Check out what’s playing at Cinematheque in the Now Playing section and purchase advance tickets. Download a PDF copy of the July/August program guide.

If you enjoyed Agnieszka Smoczynska’s The Lure from last month as much as I did, and are looking for more powerhouse female cinema, don’t miss Certain Women. Set in the American Northwest, it deals with women’s issues without being an issue film per se, but rather, is an understated and honest character portrait. There’s also a terrific slate of inspiring and incisive documentaries, including Risk, an unprecedented expose on Julian Assange, and Rumble: The Indians Who Rocked the World (I’m always a sucker for a good music doc!).
— Allegra Chiarella, Cinematheque Box Office

This month’s program has one film that I have been waiting for a while now. Laura Poitras is a wonderful filmmaker, whose last film, Citizenfour, won her an Academy Award. Citizenfour was an eye opening film, and did everything documentaries are supposed to do. I am very excited about the follow up, Risk, which follows around infamous Wikileaks founder Julian Assange. Risk promises to stun and captivate audiences!
— Milos Mitrovic, Cinematheque Technical Liaison

The Rendezvous with Madness Film Festival Tour is an exciting and important event that will bring three powerful films to Cinematheque. The need to raise awareness of mental health issues never ends, and what better medium than film to do so? Land of Not Knowing will be of special interest to local artists, as it explores how four artists cope with severe mental health issues.
— Jessica Seburn, Cinematheque Box Office

Certain Women explores the lives of three women looking to be seen and heard. The film is quiet, minimal, and melodic, with Michelle Williams, Laura Dern and Kristen Stewart playing women in different stages on their lives looking to others for respect and validation. The stories are unrelated and unlike each other in most ways, but the director uses the stark setting and slow pace to create a cohesive and touching film.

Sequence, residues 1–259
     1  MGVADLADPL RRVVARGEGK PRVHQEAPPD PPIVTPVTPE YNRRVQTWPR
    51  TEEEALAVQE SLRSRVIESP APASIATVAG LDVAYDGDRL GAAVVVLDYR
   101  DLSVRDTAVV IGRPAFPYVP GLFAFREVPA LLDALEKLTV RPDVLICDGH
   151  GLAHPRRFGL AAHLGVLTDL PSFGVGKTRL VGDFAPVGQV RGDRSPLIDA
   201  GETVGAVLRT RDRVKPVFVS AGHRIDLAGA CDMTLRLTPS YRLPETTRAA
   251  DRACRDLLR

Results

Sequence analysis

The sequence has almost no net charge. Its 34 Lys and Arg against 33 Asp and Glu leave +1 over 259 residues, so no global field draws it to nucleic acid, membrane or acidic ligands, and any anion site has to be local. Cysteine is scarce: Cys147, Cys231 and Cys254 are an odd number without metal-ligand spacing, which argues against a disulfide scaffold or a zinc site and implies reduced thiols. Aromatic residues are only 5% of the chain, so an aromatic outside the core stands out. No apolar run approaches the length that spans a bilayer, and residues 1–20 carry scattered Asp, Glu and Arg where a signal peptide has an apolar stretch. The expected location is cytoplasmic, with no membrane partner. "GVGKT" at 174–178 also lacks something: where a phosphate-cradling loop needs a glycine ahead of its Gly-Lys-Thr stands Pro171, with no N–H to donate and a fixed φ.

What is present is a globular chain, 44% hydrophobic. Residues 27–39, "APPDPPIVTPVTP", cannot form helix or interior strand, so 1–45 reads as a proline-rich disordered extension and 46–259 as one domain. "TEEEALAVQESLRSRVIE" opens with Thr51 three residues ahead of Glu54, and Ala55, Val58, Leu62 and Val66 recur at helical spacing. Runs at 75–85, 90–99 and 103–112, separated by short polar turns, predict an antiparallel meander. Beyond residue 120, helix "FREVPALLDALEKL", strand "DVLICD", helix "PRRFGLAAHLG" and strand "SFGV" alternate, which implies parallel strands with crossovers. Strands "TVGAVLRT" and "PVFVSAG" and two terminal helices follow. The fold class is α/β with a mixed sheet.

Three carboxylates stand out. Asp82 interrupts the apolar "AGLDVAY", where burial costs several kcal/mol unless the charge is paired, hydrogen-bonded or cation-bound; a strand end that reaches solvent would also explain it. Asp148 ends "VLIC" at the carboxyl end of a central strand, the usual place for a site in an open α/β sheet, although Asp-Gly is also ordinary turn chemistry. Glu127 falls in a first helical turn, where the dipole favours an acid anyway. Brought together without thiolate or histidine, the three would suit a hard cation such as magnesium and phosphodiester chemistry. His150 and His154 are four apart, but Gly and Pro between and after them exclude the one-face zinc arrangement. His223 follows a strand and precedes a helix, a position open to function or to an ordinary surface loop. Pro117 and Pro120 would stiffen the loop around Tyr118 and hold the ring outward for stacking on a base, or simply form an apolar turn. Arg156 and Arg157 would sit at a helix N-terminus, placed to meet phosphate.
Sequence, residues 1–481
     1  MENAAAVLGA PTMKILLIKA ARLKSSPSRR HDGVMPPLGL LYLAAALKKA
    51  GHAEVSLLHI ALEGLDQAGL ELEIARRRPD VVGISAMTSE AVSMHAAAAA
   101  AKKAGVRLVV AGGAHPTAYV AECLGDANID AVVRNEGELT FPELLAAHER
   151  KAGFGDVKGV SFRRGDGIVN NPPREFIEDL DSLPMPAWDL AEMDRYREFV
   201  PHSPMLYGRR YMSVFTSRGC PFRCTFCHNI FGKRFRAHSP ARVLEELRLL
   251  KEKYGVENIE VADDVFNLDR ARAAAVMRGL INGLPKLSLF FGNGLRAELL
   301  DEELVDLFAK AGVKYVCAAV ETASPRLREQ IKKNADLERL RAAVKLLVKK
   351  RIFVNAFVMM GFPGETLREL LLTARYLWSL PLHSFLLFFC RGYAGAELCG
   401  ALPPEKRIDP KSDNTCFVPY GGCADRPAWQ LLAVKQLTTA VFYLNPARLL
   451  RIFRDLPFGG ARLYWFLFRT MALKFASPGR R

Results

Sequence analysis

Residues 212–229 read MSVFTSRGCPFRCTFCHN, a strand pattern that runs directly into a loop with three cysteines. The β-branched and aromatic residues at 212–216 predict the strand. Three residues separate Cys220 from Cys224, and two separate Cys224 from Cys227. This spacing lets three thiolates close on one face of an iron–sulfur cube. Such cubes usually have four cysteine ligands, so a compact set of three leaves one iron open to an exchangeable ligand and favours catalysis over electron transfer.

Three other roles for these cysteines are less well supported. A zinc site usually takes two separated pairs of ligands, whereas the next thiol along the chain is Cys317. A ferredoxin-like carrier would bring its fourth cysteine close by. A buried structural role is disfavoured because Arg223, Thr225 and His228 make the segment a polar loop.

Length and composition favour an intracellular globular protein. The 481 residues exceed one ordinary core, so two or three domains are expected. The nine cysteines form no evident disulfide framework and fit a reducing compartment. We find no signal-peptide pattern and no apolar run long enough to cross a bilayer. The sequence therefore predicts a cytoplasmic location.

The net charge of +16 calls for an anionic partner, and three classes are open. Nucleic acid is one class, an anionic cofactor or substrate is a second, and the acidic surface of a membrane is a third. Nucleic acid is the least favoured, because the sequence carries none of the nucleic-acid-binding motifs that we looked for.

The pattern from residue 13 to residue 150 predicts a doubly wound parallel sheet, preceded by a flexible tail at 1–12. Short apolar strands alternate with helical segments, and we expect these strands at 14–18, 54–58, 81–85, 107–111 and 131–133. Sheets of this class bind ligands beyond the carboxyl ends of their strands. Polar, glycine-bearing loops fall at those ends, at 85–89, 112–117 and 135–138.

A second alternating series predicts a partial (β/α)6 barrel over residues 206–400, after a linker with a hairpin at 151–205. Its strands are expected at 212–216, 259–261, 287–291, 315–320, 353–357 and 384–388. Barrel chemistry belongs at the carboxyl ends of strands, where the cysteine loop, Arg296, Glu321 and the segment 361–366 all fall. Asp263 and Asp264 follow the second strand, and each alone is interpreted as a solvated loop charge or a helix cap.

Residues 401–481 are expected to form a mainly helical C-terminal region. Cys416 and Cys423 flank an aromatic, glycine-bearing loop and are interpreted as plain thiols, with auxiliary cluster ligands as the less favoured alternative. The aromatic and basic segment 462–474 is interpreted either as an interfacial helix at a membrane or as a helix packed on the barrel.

— Stephanie Poruchnyk-Butler, Cinematheque Box Office

One of my favourite filmmakers in recent years is Kelly Reichardt. Her latest film Certain Women, which explores the quiet determination of four women in small town America is getting a run at Cinematheque this August, and I can assure you that its poignant beauty will resonate with those who long for human connection. I’m very pleased to announce that we are kicking off a series of Iranian films with the new documentary 76 Minutes and 15 seconds with Abbas Kiarostami. Check that one out and stay tuned for future films in this series. I’d be remiss if I didn’t mention the August installment of McDonald at the Movies, which features the brilliantly dark and tender Harold and Maude — one of the finest examples of the American New Wave of the 1970’s.
— David Knipe, Cinematheque Operations Manager

Stuck in the city this summer? No better place to be than watching movies in our newly renovated theatre with plush seats and air conditioning—starting with the incredibly
creative remix of Nell Shipman’s 1920’s silent classic The Grubstake Remix. Featuring new voiceovers and dialogue the film is a wonderful mix of performance documentary and narrative fiction. And later opening August 19th don’t miss Rumble: The Indians Who Rocked the World, the acclaimed film from Hot Docs with great archival footage and dynamite performances. Two other must sees—curator Jenny Western’s evening of Indigenous Humour and the Rendezvous with Madness Film Tour with programmer Geoff Pevere introducing all work.
— Dave Barber, Cinematheque Programming Coordinator

Jenny Western has put together an amazing program that includes some of my favourite short films with Comedy and Humour in Indigenous Film and Video. Jenny mentions that “in customary teachings, a trickster character often appears to challenge ideas and create mischief”. I can think of no better example of this than the premiere of Darryl Nepinak’s Bannock, when Darryl served delicious slices of bannock to everyone in attendance only to reveal later in the film (as we’re all chowing down on his bannock) that he’d mixed the dough with his feet! So brilliant. I’m looking forward to seeing how the other filmmakers in the program tackle difficult issues and taboo through their own inner trickster.
— Jaimz Asmundson, Cinematheque Programming Director / Interim Co-Executive Director